|Copyright date 2000||Editor Robert J. Hasenfratz|
|Similar Finn and Hengest, Songs for the Philologists, Sir Orfeo, The Lay of Aotrou and Itroun, The English Text of th|
Ancrene wisse 1st edition by j r r tolkien
Ancrene Wisse (also known as the Ancrene Riwle or Guide for Anchoresses) is an anonymous monastic rule (or manual) for anchoresses written in the early 13th century.
- Ancrene wisse 1st edition by j r r tolkien
- Ancrene wisse video
- The community
- Language and textual criticism
- Surviving manuscripts
The work consists of eight parts. Parts 1 and 8 deal with what is called the "Outer Rule" (relating to the anchoresses' exterior life), while Parts 2–7 deal with the "Inner Rule" (relating to the anchoresses' interior life). The didactic and devotional material is supplemented by illustrations and anecdotes, many drawn from everyday life.
Ancrene wisse video
The adoption of an anchorite life was widespread all over medieval Europe, and was especially popular in England. By the early thirteenth century, it was considered distinct from hermits. The hermit vocation permitted a change of location, whereas the anchorites were bound to one place of enclosure, generally a cell connected to a church.
Ancrene Wisse was originally composed for three sisters who chose to enter the contemplative life. In the early twentieth century, it was thought that this might be Kilburn Priory near the medieval City of London, and attempts were made to date the work to the early twelfth century and to identify the author as the Godwyn who led the house until 1130. More recent works have criticised this view, however. Most notably, this is because the dialect of English in which the work is written clearly originates from somewhere in the English West Midlands, not far from the Welsh border.
An important step forward was taken by Geoffrey Shepherd in his edition of parts six and seven of the work, in which he showed that the author's reading was extensive. Shepherd linked the author's interests with those of a generation of late twelfth-century English and French scholars at the University of Paris, including Peter the Cantor and Stephen Langton. He was a scholarly man, though writing in English in the provinces, who was kept up to date with what was said and being written in the centres of learning of his day.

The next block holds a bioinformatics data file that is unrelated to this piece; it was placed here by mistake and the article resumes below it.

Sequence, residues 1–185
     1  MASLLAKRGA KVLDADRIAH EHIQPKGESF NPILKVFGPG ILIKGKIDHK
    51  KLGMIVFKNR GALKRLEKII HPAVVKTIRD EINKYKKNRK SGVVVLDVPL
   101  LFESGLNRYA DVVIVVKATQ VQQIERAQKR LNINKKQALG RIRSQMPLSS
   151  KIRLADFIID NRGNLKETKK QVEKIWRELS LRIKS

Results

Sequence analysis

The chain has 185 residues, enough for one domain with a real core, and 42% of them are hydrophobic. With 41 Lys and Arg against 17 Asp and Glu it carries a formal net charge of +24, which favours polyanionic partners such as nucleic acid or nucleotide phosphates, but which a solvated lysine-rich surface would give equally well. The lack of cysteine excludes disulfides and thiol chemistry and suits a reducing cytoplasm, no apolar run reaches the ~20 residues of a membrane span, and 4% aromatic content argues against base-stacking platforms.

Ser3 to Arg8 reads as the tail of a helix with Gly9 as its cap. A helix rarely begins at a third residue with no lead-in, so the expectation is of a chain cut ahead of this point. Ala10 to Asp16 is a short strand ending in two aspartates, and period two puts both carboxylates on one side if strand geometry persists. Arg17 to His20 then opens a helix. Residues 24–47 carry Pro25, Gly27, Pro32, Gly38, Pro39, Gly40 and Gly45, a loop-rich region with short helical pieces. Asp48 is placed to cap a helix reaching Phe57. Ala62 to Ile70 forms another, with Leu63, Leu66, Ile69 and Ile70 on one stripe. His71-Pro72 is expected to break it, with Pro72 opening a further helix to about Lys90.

EJ Dobson produced the most influential modern reassessment of the origins of the work, however. Dobson argues that the anchoresses were enclosed near Limebrook in Herefordshire, and that the author was an Augustinian canon at nearby Wigmore Abbey in Herefordshire named Brian of Lingen. Bella Millett has subsequently argued that the author was in fact a Dominican rather than an Augustinian, though this remains controversial.
The revision of the work contained in the Corpus manuscript (used by most modern translations) can be dated between 1224 and 1235. The date of the first writing of the work is more controversial, and tends to depend upon one's view of the influence from the pastoral reforms of the 1215 Fourth Lateran Council. Shepherd believes that the work does not show such influence, and thinks a date shortly after 1200 most likely. Dobson argues for a date between 1215 and 1221, after the council and before the coming of the Dominicans to England.
The general contours of this account have found favour in modern textbook assessments of the text.
Language and textual criticism
The version of Ancrene Wisse contained in Cambridge, Corpus Christi College, MS 402 was written in an early Middle English dialect known as 'AB language' where 'A' denotes the manuscript Corpus Christi 402, and 'B' the manuscript Oxford, Bodleian Library MS Bodley 34. Manuscript Bodley 34 contains a set of texts that have become known as the "Katherine Group": Seinte Katerine, Seinte Margarete, Seinte Iuliene, Hali Meiðhad and Sawles Warde. Both manuscripts were written in the AB language, described by J.R.R. Tolkien as "a faithful transcript of some dialect...or a 'standard' language based on one' in use in the West Midlands in the 13th century." The word Ancrene itself still exhibits a plural genitive inflection descended from the old Germanic weak noun declension; this was practically unknown by the time of Chaucer.
Ancrene Wisse is often grouped by scholars alongside the Katherine group and the Wooing group—both collections of early Middle English religious texts written in AB language.
There are seventeen surviving medieval manuscripts containing all or part of Ancrene Wisse. Of these, nine are in the original Middle English, four are translations into Anglo-Norman French, and a further four are translations into Latin. The shortest extract is the Lanhydrock Fragment, which consists of only one sheet of parchment. The extant manuscripts are listed below.
Although none of the manuscripts is believed to be produced by the original author, several date from the first half of the 13th century. The first complete edition edited by Morton in 1853 was based on the British Library manuscript Cotton Nero A.xiv. Recent editors have favoured Corpus Christi College, Cambridge MS 402 of which Bella Millett has written: "Its linguistic consistency and general high textual quality have made it increasingly the preferred base manuscript for editions, translations, and studies of Ancrene Wisse." It was used as the base manuscript in the critical edition published as two volumes in 2005–2006. The Corpus manuscript is the only one to include the title Ancrene Wisse.
The Ancrene Wisse was partly retranslated from French back into English and reincorporated in the late 15th-century Treatise of Love. The fifteenth century Treatise of the Five Senses also makes use of material from the work.